There are some downsides to owning a small business, however. When you are self-employed, you report to you. Which means that sometimes your boss is a lazy slob who won’t demand that much of you. Who might make excuses for your poor behavior or let you cut work more often than you should. Plus, your boss has only as much experience as you do, and that can really hogtie you.

It took me more than seven years after graduating college to consider myself a “success.” This is partially due to a lack of determination to get there, and partially to a number of mistakes I made. By sharing them with you, I hope to reduce the time it takes you to find your own success. Ready for a crash course in small business life? Put on your helmet and let’s get started.

Mistake #1: I Went to College Too Soon. Then I Did It Again

I was always a good student, and the occasional C in Chemistry didn’t stop me from getting into one of the top programs in my state. Because school came easy, I never really tried that hard. Nor did I question whether it was “worth it” to spend time and money on college when I was still finding myself. Too bad for me.

When I graduated with a degree I would never use, I shrugged my shoulders and found jobs that didn’t thrill me: first in insurance sales, then at a bank. I used the money to pay rent and party, and started looking for another path only when banking made me so miserable it was starting to ruin my life. I chose teaching, and got another expensive degree that didn’t pan out due to a bad economy. Then I went to school for journalism. Finally: something I loved. It only took me an extra four years and untold student loans to get there.

Mistake #2: At First I Didn’t Stick With Anything

Even after receiving my master’s degree in journalism, I found it hard to settle down. School was so easy for me: I got better grades than most of my peers with my eyes closed. Naturally I assumed this would translate to my career, and was spectacularly disappointed when it didn’t.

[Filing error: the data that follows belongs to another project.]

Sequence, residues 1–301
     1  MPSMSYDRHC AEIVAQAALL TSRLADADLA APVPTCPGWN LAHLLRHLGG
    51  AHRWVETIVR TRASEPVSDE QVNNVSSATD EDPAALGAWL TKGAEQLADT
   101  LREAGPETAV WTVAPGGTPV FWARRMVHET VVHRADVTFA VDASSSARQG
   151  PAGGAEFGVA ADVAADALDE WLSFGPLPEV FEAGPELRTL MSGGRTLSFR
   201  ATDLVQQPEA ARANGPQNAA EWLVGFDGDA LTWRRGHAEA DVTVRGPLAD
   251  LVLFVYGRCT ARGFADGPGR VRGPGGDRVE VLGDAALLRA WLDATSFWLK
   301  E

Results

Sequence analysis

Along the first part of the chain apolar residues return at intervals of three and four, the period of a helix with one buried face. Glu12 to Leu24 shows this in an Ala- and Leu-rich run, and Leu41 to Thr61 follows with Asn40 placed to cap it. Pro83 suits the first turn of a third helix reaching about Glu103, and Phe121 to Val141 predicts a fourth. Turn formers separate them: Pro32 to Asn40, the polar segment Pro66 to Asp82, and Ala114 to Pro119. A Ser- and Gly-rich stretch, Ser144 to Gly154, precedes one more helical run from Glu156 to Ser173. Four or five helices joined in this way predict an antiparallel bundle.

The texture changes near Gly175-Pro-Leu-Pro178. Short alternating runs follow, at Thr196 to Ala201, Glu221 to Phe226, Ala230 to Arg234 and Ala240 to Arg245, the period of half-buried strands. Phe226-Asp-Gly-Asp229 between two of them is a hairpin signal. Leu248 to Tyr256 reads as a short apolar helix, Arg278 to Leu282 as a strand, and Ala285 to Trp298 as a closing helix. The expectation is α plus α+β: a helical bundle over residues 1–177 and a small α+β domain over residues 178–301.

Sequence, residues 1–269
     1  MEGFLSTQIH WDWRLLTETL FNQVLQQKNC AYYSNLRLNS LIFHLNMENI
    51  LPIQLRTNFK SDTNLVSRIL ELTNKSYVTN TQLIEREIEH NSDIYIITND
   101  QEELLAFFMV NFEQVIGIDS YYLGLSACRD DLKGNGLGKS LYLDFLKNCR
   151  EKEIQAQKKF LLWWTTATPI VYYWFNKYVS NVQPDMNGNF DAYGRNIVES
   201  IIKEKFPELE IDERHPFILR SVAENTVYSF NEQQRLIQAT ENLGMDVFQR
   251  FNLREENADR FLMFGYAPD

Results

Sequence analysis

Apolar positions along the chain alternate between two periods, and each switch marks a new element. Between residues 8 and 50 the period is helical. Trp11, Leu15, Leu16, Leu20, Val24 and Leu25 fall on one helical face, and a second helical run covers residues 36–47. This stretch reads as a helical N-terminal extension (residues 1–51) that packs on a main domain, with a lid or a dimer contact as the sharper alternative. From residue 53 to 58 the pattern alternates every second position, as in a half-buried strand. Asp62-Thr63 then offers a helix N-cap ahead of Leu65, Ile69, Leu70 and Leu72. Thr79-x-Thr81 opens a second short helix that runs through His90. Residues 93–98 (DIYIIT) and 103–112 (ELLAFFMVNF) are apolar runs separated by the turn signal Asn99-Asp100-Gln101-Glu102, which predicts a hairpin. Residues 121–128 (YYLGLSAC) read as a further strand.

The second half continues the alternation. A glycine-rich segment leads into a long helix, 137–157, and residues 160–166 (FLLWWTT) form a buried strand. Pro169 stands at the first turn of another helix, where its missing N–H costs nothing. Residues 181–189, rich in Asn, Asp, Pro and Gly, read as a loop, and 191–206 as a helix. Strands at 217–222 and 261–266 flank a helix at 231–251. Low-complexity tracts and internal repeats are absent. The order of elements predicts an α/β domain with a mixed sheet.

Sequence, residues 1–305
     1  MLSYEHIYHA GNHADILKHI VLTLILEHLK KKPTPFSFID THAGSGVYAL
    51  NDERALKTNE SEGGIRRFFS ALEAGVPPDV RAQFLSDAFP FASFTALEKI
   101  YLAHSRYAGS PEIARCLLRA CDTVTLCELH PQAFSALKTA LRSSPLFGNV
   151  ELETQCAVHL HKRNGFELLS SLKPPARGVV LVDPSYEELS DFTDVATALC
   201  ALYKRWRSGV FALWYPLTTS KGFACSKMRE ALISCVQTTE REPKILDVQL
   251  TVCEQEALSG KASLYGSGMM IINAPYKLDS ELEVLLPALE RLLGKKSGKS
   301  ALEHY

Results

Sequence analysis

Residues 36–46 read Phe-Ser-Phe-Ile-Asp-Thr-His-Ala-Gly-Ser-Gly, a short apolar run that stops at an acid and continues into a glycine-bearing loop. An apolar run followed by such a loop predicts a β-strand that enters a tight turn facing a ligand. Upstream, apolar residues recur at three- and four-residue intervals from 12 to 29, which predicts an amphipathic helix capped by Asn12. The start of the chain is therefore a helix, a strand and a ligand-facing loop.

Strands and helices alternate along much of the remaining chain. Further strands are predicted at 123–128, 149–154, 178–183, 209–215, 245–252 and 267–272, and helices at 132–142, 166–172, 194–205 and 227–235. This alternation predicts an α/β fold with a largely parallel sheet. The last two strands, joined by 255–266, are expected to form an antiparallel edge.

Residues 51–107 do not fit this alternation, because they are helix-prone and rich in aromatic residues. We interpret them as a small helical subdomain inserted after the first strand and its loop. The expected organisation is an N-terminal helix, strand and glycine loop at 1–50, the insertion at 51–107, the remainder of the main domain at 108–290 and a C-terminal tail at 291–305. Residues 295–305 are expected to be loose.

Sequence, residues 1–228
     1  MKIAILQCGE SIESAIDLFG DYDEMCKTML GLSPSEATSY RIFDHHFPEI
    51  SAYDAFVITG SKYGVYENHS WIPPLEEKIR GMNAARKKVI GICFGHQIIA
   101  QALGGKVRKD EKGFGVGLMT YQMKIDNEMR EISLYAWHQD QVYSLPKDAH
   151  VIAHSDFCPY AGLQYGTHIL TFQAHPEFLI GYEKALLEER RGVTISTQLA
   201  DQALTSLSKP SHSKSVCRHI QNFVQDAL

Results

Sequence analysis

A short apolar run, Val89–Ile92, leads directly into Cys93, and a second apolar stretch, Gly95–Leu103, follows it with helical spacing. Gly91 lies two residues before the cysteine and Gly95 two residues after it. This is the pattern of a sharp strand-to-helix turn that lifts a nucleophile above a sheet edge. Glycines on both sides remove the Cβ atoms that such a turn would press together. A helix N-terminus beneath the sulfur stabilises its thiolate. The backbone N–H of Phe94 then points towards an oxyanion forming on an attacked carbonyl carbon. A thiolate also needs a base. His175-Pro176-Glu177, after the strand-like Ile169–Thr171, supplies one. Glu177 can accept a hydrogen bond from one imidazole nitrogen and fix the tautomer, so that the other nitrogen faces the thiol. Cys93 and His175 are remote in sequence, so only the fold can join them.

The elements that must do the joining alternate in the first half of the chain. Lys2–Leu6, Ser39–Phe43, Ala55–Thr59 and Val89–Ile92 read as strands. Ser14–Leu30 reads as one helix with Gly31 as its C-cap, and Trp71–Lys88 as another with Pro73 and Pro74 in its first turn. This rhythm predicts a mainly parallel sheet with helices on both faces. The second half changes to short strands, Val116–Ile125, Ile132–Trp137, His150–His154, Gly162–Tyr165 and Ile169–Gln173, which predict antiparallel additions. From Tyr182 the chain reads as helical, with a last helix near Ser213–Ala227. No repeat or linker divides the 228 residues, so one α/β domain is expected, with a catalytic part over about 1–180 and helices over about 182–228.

No one cared that I was smart, or that my teachers liked me. They just wanted to see results, and I didn’t have any. My dreams of being a world-famous writer and author soon evaporated. I was crushed and lost, and only after a year of soul-searching did I finally settle into the less-glamorous but better-paying world of freelance copy writing. I had finally found something I was good at and loved … and it paid the bills too. Add two years to the clock.

Mistake #3: I Thought Success Came Before Hard Work

At the beginning, I was convinced I had to find a glorious gig to in order to really apply myself. Once I took care of my ego, I reasoned, the hard work would feel natural and the success would come.

The opposite turned out to be true. Once I took a deep breath and accepted that there would be no glory for a long while – perhaps ever – I was able to settle into my day job with a joy and willingness I’d never before experienced in life. It came naturally, fitting into the flow of my life well enough that I was able to care for my tow children at home and keep up full time work. My world became perfect. It only took one more year.

Key Takeaways:

  • Consider waiting on college until you’re sure you know what you want to do
  • Prepare yourself for hard work at the outset, and do not expect success before you put in a lot of long, inglorious hours
  • Stick with it, even when it sucks
  • Consider talking to someone in the line of work you hope to go into to find out what it will be like and ensure you’re prepared
  • Have a positive attitude! No, really! It will totally help

As a small business owner, I now write for clients all over the world. I set my hours, I sleep in, I play with my kids … and I work hard. I’ve transitioned from the nothingness of endless ego drain to the true fulfillment of hard work and a quiet personal success.

Next up? I might take a sewing class. But it probably won’t be glorious.


Secrets and Tips to Save You From The Stress of Auto Maintenance


Auto Mechanic

By MJ Plaster

“A car is the most expensive purchase most Americans make. More Americans buy cars than buy houses. They feel like their car is a member of the family,” said Johnny Whitaker, retired auto-industry insider and consultant. He shares his top 15 tips below.

  1. Read the owner’s manual – “I’ll bet you’ve never taken the owner’s manual out of your glove compartment,” asked Whitaker. “This is the No. 1 mistake car owners make. Everything you need to know is in that manual, and you can save a fortune on car maintenance if you’ll just read the manual and do [with a few exceptions below] what it says.”